# Given a ratio, prove that a variable line passes through one fixed point

If $X$ and $Y$ are variable points on the sides $CA, AB$ of $\triangle ABC$ such that $CX/XA + AB/AY = 1$, prove that $XY$ passes through a fixed point

Here, using directed segments, $$CX/XA + AB/AY = 1$$ $$CX/XA = 1 - AB/AY$$ $$CX/XA = -YB/AY$$ $$CX/XA = BY/AY$$ This results in $XY$ being a line parallel to $BC$, hence it can't possibly pass through one common point each time. Where is the mistake in this and how do I derive the answer?

• I don't think the equation in the question can be correct. Since lengths are positive numbers and $|AB|>|AY|$, the left hand side is bigger than $1$. – Jaap Scherphuis Apr 3 '18 at 7:00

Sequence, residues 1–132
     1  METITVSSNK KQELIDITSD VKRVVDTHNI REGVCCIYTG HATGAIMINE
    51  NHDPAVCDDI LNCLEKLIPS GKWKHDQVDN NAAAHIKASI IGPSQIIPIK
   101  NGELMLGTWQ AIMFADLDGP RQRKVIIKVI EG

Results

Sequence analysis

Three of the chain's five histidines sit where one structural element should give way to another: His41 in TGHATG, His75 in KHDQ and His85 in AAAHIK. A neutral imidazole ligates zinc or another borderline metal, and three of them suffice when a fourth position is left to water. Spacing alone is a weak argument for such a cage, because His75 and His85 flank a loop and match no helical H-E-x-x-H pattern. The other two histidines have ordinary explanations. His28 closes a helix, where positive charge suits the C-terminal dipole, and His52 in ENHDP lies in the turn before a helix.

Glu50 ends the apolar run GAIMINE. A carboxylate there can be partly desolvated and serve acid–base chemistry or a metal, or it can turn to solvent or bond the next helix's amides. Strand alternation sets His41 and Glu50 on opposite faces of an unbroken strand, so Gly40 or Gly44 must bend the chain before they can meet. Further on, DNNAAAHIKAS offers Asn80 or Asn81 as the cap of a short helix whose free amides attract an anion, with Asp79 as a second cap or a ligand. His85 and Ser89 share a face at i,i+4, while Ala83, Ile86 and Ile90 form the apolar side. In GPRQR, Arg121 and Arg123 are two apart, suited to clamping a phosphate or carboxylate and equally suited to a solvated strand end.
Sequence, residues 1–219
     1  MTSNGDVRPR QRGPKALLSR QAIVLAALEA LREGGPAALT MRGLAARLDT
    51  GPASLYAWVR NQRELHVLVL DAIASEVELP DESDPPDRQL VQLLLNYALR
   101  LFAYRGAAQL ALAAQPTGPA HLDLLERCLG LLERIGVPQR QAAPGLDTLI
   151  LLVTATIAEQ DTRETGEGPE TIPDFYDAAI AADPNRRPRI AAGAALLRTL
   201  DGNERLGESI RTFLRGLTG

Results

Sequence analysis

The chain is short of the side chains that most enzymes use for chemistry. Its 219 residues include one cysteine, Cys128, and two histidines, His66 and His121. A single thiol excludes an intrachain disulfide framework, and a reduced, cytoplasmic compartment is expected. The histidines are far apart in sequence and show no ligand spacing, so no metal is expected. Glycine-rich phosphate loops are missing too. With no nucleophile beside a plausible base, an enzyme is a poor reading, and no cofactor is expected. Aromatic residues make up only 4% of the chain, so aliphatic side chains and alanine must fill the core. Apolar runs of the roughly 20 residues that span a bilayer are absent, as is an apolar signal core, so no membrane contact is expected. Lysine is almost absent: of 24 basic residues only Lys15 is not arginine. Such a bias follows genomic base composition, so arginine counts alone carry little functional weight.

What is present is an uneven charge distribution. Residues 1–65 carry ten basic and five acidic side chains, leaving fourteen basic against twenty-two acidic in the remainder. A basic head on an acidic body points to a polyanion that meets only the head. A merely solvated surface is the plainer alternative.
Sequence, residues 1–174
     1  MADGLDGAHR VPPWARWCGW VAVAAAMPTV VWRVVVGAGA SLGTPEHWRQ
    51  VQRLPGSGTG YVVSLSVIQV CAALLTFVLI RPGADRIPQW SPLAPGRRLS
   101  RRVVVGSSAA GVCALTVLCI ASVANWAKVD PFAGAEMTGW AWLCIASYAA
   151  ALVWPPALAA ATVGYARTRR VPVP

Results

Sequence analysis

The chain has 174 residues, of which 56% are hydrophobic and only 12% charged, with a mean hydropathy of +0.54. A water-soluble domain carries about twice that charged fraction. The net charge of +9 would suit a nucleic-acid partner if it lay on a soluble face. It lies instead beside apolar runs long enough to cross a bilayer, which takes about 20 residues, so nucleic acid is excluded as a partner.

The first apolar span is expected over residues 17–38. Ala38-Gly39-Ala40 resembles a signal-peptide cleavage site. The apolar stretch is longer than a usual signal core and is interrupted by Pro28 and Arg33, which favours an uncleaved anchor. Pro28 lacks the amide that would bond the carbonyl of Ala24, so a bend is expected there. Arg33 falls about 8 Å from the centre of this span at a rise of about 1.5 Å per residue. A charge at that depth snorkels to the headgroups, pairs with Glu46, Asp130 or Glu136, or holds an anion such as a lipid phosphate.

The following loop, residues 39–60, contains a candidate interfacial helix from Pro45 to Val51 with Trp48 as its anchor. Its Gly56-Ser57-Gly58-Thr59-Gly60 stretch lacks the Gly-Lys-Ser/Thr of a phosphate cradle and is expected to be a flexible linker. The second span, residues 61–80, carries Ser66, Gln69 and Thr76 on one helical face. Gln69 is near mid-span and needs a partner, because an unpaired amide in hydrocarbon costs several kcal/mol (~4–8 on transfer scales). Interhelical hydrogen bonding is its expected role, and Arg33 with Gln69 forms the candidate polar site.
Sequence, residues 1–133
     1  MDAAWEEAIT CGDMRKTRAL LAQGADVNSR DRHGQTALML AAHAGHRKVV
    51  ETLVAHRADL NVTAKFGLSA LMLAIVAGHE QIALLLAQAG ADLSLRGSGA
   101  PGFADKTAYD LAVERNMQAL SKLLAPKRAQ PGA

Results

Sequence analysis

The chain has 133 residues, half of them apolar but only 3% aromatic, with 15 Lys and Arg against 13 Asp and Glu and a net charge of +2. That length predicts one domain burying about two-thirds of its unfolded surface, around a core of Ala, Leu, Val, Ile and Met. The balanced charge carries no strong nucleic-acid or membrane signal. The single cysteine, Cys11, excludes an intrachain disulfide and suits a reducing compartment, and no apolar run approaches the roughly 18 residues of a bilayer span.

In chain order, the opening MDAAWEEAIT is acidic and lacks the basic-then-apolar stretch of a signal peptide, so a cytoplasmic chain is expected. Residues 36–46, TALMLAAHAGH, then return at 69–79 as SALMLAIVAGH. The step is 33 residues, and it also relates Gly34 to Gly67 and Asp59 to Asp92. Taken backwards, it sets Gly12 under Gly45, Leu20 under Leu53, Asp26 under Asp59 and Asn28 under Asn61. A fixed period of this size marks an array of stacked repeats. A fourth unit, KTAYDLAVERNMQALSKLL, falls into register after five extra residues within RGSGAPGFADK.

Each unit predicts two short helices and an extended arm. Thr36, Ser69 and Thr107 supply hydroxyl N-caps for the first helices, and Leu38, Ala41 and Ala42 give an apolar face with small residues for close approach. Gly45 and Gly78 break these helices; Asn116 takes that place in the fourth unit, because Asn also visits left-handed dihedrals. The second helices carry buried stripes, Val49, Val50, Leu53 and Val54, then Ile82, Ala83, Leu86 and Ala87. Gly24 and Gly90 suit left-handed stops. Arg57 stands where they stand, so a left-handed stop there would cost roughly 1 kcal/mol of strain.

• @Jaap I think he means extended sides for this. – King Tut Apr 3 '18 at 7:08
• @Jaap Directed segments mean that for a line AB, BA = -AB, in that sense the question is framed – Helix Apr 3 '18 at 7:27

By the equation we have $\frac{CX}{XA}=\frac{YB}{AY}$ or $\frac{CX}{XA}\frac{AY}{YB}=1$. Thus by Menelaus theorem for the midpoint of $BC$, namely, $Z$, we have $\frac{CX}{XA}\frac{AY}{YB}\frac{BZ}{ZC}=1$; thus $X, Y, Z$ are collinear, as desired. (Here no directed segments are used.)
• Directed segments would have to be used here, so that $-YB$ can be taken into account, otherwise you won't be able to get the $-1$ required on the RHS of the Menelaus theorm. But anyway, thanks for the answer. – Helix Apr 3 '18 at 7:35